System.out.println(field.stringValue());  
 }

This will tell us that the term was found in these files.

  • Midsummer Night’s Dream Play
  • As You Like It Play
  • Twelfth Night Play
  • Henry IV, part 1 Play

 

One thing we don’t know is how do these compare. Was the term found once or many times? If its only once maybe we don’t care. Clearly the play Midsummer Night’s Dream should rank higher than the rest. In order to find this out  Lucene has Highlighter feature which will return fragments of the text surrounding the term.

In this first case we want to know where the term occurs more than once. Using the Highlighter to return surrounding text can help evaluate if this is relevant. Only in the first play does the term “Midsummer”  occur more then once.

  • The file name(in the text file) :Midsummer Nights Dream Play.txt
  • The title :  Midsummer Nights Dream Play (Left over text from the original html   Shakespeare homepage )
  • Midsummer Nights Dream
    • Entire play      ACT I       SCENE I Athens

The last fragment shows text near the term is the start of ACT I. Maybe Midsummer wasn’t a great term to start with?

Highlighter code. This code is within the loop of all documents. “scoreDoc.doc” is the document id for the current document in the loop.

 // get the field named "contents"     
String text = doc.get(LuceneConstants.CONTENTS); 
Analyzer analyzer = new StandardAnalyzer();     
SimpleHTMLFormatter htmlFormatter = new SimpleHTMLFormatter();     
Highlighter highlighter = new Highlighter(htmlFormatter,
   new QueryScorer(query));            
TokenStream tokenStream = TokenSources.getAnyTokenStream(searcher.getIndexReader(), 
   scoreDoc.doc, LuceneConstants.CONTENTS, analyzer);       
TextFragment[] frag = highlighter.getBestTextFragments(tokenStream, text, false, 2);

Loop through each TextFragment. If the score is not zero the print out the fragment of text.

for(TextFragment tf : fraq){        
 if ((tf!= null) && (tf.getScore() > 0)) {             
    System.out.println(" fragment score  "+tf.getScore()+"  "+(tf.toString()));  
       }
     }

The second and third questions are answered using the term vectors. Each TermVector will indicate the number of documents the term was found in and the number of times the term was found in a document. Instead of Midsummer, which was disappointing, I tried searching for  something that should give more interesting results. Either romeo or juliet (heard of them?) should work.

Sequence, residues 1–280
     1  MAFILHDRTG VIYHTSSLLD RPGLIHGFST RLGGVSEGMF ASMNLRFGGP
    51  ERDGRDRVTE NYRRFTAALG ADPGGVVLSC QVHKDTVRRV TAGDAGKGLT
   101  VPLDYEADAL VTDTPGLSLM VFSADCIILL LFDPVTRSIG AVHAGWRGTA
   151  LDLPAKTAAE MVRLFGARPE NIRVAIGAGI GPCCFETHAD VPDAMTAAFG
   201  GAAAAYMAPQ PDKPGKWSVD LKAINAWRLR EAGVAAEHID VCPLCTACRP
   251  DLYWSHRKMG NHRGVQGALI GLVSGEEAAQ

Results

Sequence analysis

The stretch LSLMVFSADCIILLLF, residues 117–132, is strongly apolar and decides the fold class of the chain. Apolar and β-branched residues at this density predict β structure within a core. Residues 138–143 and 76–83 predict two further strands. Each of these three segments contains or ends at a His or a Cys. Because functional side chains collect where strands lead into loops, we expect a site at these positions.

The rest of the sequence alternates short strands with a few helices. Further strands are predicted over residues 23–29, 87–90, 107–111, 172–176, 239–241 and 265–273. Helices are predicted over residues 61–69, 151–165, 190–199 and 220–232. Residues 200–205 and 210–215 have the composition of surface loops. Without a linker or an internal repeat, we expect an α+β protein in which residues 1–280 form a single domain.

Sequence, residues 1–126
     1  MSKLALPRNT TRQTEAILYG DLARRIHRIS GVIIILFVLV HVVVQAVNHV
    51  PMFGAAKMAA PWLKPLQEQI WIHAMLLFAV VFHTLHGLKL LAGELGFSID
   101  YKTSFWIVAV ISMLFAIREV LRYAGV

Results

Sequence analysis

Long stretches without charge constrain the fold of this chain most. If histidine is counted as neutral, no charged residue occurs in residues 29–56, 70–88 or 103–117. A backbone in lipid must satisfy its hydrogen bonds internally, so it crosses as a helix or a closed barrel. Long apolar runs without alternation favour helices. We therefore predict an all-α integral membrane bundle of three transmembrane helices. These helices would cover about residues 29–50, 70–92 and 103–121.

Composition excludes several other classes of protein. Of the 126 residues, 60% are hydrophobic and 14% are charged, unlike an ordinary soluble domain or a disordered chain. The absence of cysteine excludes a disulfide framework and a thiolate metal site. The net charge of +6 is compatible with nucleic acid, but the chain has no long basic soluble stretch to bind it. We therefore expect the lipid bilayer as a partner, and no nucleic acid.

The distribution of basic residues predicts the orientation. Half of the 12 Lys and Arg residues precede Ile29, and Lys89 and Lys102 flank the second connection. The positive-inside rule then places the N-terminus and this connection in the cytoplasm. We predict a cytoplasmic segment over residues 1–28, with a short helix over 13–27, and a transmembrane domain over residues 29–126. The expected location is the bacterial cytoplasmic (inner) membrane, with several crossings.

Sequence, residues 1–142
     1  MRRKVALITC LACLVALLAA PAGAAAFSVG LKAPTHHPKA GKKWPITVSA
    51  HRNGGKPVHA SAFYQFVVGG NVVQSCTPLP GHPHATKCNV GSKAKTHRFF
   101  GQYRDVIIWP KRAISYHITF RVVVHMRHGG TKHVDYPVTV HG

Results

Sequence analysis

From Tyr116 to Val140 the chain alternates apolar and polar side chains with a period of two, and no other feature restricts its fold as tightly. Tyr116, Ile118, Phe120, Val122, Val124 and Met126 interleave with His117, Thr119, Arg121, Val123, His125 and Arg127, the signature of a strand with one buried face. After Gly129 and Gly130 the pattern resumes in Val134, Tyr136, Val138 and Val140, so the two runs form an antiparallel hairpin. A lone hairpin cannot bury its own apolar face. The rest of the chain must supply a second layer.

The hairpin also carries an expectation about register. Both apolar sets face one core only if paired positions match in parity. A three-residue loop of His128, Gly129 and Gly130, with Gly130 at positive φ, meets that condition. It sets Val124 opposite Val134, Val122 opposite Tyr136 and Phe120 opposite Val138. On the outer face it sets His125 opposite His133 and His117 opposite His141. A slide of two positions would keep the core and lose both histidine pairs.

The term ‘romeo’ was only found in one document,‘Romeo and Juliet’ (surprise!). ‘juliet‘ was found in two,’Romeo and Juliet‘  and ‘Measure for Measure

In ‘Romeo and Juliet’ , the term ‘romeo’ occured  295 times.’juliet’ occured  178 times.

In ‘Measure for Measure’, the term ‘juliet’ occured  16 times.

When processing the data I did not do any ‘stemming’. This process reduces words to their root, juliets or julietta become juliet. This is a common practice and I could go back and clean up the data.

The fourth question,similarity is difficult because I am not sure how I would consider the various documents to be similar. The basic similarity in Lucene is Cosine similarity. The diagram below shows two vectors, one for each document.

The terms in question are transpacny and supply. The closer the two vectors are to each other the more ‘similar’ the documents could be. At least for these two terms. In the case of Shakespeare using romeo and juliet would not tell us much since one term only appears in one file. The other side of this might be medical or insurance documents. I suspect that these contain a lot of the same wording and it wouldn’t be hard to find documents that similar. I’ll have to experiment with different terms and see what, if anything, falls out.

DOCS_AND_FREQS

Indexing 195 files took 1982 milliseconds

Midsummer Night’s Dream_ Entire Play.txt: fragment score  1.0

A <B>Midsummer</B> Nights Dream:  fragment score  1.0

Files return

  • As You Like It_ Entire Play.txt
  • Twelfth Night_ Entire Play.txt
  • Henry IV, part 1_ Entire Play.txt

DOCS_AND_FREQS_AND_POSITIONS_AND_OFFSETS

Indexing 195 files took 1819 milliseconds

 Terms tv = ir.getTermVector( scoreDoc.doc,LuceneConstants.CONTENTS);
 if( tv != null){  
     TermsEnum terms = tv.iterator();  
     PostingsEnum p = null;  
     while( terms.next() != null ) {          
       BytesRef bytesRef = terms.next();          
       while(bytesRef  != null){              
         System.out.println("BytesRef: " + bytesRef.utf8ToString());
              System.out.println("docFreq: " + terms.docFreq());  
            System.out.println("totalTermFreq: " + terms.totalTermFreq());              bytesRef = terms.next();          }  }  }      totalTermFreq: 1BytesRef: affirmativesdocFreq: 1totalTermFreq: 1BytesRef: afraiddocFreq: 1totalTermFreq: 4BytesRef: afterdocFreq: 1totalTermFreq: 14BytesRef: againdocFreq: 1totalTermFreq: 19BytesRef: againstdocFreq: 1totalTermFreq: 8BytesRef: agedocFreq: 1totalTermFreq: 2
       }
      }
   } 

 search for text: romeo 
   BytesRef: romeo (text found in result, just for verification)
   docFreq: 1
   totalTermFreq: 295
 search for text: juliet
    BytesRef: juliet (text found in result, just for verification)
    docFreq: 2
    totalTermFreq: 178

Conclusion

Lucene offers much more than I have seen so far. But its searching capabilities are interesting.  Content management systems store files on a file system and meta data(information about the content) in a database. For AWS the content could be on S3 and the meta data in Aurora. Lucene could be used to search content  and meta data if both were stored on S3.  This seems like a much simpler design…

 

About gricker

Living and learning